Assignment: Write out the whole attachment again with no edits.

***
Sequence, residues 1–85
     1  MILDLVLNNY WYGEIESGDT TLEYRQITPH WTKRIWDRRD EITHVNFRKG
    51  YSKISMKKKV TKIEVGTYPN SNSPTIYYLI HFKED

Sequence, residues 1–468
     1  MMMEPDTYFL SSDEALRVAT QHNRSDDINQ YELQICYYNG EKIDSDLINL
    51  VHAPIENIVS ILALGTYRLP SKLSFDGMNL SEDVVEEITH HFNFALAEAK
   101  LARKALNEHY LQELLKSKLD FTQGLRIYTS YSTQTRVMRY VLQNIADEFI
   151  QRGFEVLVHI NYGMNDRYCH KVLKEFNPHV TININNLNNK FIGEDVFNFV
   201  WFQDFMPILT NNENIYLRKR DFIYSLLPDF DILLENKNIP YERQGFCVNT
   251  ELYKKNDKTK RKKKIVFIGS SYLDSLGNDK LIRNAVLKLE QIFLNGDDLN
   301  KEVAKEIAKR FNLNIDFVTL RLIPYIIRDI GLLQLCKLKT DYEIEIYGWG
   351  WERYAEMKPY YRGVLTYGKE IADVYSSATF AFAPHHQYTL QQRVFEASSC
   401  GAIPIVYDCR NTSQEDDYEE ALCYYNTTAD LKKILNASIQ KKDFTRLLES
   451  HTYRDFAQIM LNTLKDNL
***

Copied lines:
Sequence, residues 1–85
     1  MILDLVLNNY WYGEIESGDT TLEYRQITPH WTKRIWDRRD EITHVNFRKG
    51  YSKISMKKKV TKIEVGTYPN SNSPTIYYLI HFKED

Sequence, residues 1–468
     1  MMMEPDTYFL SSDEALRVAT QHNRSDDINQ YELQICYYNG EKIDSDLINL
    51  VHAPIENIVS ILALGTYRLP SKLSFDGMNL SEDVVEEITH HFNFALAEAK
   101  LARKALNEHY LQELLKSKLD FTQGLRIYTS YSTQTRVMRY VLQNIADEFI
   151  QRGFEVLVHI NYGMNDRYCH KVLKEFNPHV TININNLNNK FIGEDVFNFV
   201  WFQDFMPILT NNENIYLRKR DFIYSLLPDF DILLENKNIP YERQGFCVNT
   251  ELYKKNDKTK RKKKIVFIGS SYLDSLGNDK LIRNAVLKLE QIFLNGDDLN
   301  KEVAKEIAKR FNLNIDFVTL RLIPYIIRDI GLLQLCKLKT DYEIEIYGWG
   351  WERYAEMKPY YRGVLTYGKE IADVYSSATF AFAPHHQYTL QQRVFEASSC
   401  GAIPIVYDCR NTSQEDDYEE ALCYYNTTAD LKKILNASIQ KKDFTRLLES
   451  HTYRDFAQIM LNTLKDNL